The Value of Multigenerational Homes

The-Value-of-Multigenerational-Homes.jpg

Multigenerational living has been on a downslide for a while, but it is making a comeback for some very good reasons, and not just because of the economy. People have also found that extended family living has something of value for every member of the family, whether infant, grandparent or in between. 

The scarcity and rising cost of housing is pushing affordable shelter out of reach for those new to the job market, such as college graduates, or those who are re-entering the job market. Living with family members in a long-established home can be the answer to the housing dilemma. It can also be an answer to childcare, elder care and caring for loved ones with disabilities. 

People who live in an extended family are discovering the benefits of learning relationship skills they would not learn otherwise and the simple joys of bonding with people they love and have been away from for a long time. 

Working parents of small children no longer must miss work and/or worry if their children are properly cared for and safe. Those with aging parents with any degree of frailty or disability can be equally secure in the knowledge that someone who cares is there for them 24/7 and they are not dependent on strangers to attend to their everyday needs or if a crisis occurs. This security gives everyone in the household a heightened sense of independence as well as a sense of togetherness and bonding.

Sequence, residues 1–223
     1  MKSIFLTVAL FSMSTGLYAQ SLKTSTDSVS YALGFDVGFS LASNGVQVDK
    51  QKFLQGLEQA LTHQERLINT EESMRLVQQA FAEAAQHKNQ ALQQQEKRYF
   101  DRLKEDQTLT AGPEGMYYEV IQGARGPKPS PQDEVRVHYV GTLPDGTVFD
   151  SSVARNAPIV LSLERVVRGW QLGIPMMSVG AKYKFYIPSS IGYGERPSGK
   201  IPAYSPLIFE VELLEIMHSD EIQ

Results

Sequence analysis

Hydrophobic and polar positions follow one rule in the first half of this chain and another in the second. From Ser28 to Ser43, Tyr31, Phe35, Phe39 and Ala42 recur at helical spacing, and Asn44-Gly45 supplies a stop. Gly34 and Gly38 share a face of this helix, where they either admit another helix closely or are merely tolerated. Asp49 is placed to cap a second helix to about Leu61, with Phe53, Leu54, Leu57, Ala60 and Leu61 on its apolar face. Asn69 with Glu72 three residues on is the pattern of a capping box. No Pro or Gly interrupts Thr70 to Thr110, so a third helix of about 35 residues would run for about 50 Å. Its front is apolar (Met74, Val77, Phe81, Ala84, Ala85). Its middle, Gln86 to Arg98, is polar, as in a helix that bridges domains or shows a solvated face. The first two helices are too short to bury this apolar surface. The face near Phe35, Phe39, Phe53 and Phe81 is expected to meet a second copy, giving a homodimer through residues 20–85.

Readying the Home for the Multigenerational Experience 

Most homebuyers cannot afford the big McMansions of the 90s, and major remodels are also out of the reach of many homeowners. Homebuilders are aware of this and have made significant modifications to their new home developments. Existing homeowners are remodeling with the same concepts in mind but are saving some money by tackling remodeling projects themselves as a family affair. So even though the homes have a smaller footprint, they are more environmentally sound and take better advantage of the space than those larger mansions popular 30 years ago. You can expect to see the following trends in the homes built today. 

More Bedrooms 

Instead of a foyer, den or playroom, there will be more bedrooms, with smaller closets. The idea is to pack more living space into a smaller area without having to increase the price of the home. 

Amenities for Multigenerational Living 

Homes will be built with mother-in-law suites. There will not be both a living room and a family room but rather one room serving the purpose of two. There may be casitas or tiny homes built outside the main house that will include the necessities for living: bathroom, kitchen, and sleeping loft, all in an efficient, sub-compact design. 

This may seem like harsh living conditions, but the huge advantage of multigenerational living is the tight bond that can form between family members who not long ago saw each other only once or twice a year at major holiday gatherings. Living this way also provides valuable lessons in compromise and learning how to get along with others in an environment where there is little room for personal privacy. The solution to this is to make sure everyone in the home respects each other and their right to a private space when they need it, both mentally and physically. 

Landmark 24 Homes 

Several homes in a wide range of models and floor plans available in the Landmark 24 communities are built with multigenerational living in mind. Consider the Spring Willow, The Waverly and The Brookhaven. These large plans all have a guest suite with a full bath on the main floor, and plenty of room for everyone to have their space.  To get an idea of what this type of living can look like, visit  Landmark 24 Homes and see for yourself how affordable, comfortable and pleasant extended family living can be.

Articles News